Though it affects millions of people throughout the United States, fibromyalgia syndrome is still one of the most commonly misdiagnosed illnesses. Researchers, scientists, and health care providers alike, are often stumped by fibromyalgia and its symptoms, confusing it for dozens of other illnesses. In fact, this is why fibromyalgia is often referred to as the Great Imitator: because it’s symptoms mimic those of many other illnesses. If you are currently being diagnosed for fibromyalgia-like symptoms, it is especially important that you be aware of the illnesses that are commonly confused with fibromyalgia.
Why is it So Hard To Diagnose Fibromyalgia?
Fibromyalgia is so difficult to detect because it mimics the symptoms of other illnesses. Fibromyalgia is accompanied by symptoms of widespread pain, muscle stiffness, and joint immobility. These symptoms are also present in dozens of other illnesses, including multiple sclerosis, polymyalgia rheumatica, and chronic fatigue syndrome.
Additionally, there are no clinical tests that can be performed in order to diagnose fibromyalgia syndrome. Instead, fibromyalgia can only be diagnosed through the time-consuming process of excluding all other similar illnesses. Only when a series of blood tests and x-rays, as well as multiple physical examinations, provide no proof of other diseases, can a diagnosis of fibromyalgia actually be made.
Conditions that Are Similar to Fibromyalgia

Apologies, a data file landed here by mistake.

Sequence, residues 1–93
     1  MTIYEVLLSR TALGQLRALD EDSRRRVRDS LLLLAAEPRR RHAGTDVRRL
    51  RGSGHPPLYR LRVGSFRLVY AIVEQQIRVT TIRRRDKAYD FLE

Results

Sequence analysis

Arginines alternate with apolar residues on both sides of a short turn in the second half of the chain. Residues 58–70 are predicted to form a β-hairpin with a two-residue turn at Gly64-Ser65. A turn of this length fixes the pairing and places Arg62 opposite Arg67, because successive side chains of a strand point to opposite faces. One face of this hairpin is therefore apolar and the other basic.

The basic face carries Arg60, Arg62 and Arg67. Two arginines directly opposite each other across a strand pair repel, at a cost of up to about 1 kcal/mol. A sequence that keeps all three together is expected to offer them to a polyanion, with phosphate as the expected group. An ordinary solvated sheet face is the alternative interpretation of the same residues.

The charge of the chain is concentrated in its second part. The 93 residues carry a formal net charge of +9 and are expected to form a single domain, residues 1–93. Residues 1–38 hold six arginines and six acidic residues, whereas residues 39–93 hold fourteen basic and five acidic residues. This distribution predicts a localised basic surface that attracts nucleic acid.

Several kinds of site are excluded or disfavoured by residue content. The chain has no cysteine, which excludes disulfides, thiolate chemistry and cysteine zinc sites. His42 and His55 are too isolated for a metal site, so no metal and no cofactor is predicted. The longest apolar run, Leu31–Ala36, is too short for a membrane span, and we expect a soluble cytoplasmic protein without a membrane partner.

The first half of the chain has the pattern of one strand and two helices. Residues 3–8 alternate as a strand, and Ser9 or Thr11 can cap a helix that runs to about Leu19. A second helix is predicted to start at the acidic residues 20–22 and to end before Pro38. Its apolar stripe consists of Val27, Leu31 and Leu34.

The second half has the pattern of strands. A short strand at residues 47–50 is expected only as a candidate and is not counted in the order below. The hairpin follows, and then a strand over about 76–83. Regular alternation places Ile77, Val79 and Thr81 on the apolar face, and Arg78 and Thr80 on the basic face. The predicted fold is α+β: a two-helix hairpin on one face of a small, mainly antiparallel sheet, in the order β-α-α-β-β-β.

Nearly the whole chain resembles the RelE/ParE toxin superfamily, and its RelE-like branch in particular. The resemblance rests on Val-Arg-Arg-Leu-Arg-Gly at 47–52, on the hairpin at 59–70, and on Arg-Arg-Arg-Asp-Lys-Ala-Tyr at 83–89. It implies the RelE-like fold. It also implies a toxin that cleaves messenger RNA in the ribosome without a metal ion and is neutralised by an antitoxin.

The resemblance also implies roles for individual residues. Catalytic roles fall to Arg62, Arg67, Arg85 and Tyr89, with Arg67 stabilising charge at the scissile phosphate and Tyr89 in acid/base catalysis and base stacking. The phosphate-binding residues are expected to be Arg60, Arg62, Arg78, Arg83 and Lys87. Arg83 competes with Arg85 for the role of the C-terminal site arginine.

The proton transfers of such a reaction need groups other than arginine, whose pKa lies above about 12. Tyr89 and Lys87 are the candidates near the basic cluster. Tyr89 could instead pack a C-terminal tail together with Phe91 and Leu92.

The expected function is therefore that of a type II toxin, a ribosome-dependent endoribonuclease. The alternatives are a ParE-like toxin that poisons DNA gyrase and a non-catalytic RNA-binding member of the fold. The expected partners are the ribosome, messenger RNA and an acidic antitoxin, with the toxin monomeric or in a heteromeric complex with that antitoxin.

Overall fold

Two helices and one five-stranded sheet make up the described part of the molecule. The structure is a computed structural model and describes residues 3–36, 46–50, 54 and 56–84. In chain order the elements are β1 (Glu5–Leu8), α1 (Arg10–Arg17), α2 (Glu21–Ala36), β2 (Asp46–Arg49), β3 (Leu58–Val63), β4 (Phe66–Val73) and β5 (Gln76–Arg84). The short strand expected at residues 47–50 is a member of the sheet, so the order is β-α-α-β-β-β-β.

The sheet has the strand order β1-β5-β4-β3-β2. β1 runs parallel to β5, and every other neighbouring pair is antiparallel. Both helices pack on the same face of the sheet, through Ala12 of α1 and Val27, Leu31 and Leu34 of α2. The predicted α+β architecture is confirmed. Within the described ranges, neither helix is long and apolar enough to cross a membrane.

Unfortunately, there are literally dozens of illnesses that have symptoms that are similar to those caused by fibromyalgia. From incessant fatigue, to widespread aches and pains, fibromyalgia is often confused for other illnesses. In particular, there are a few specific illnesses that often look just like fibromyalgia:
Lyme disease is perhaps the illness that is most commonly confused with fibromyalgia. Actually caused by an infected tick bite, lyme disease causes symptoms of fatigue, chills, fever, and skin rash. Additionally, lyme disease causes severe muscle and joint aches, a common symptom of fibromyalgia. However, lyme disease is actually much less common than fibromyalgia, and can be detected through a simple test.
rheumatoid arthritis, and affects millions of Americans every year. The most common symptoms of arthritis, as with fibromyalgia, are muscle and joint pain and stiffness. However, arthritis is actually caused by joint and muscle inflammation, whereas fibromyalgia is an illness that is not associated with any inflammation.
How Do You Know You Have Fibromyalgia?
Because fibromyalgia is such a great imitator, it can be difficult to know whether or not you have it. Generally speaking, there are a few criteria which must be met in order to diagnose the fibromyalgia syndrome. These include:
- Tender Points: You must have at least 11 out of 18 tender points on your body in order to be diagnosed with fibromyalgia.
- Widespread Pain: You must experience continued pain in all areas of your body, including your left and right sides, and above and below your waist.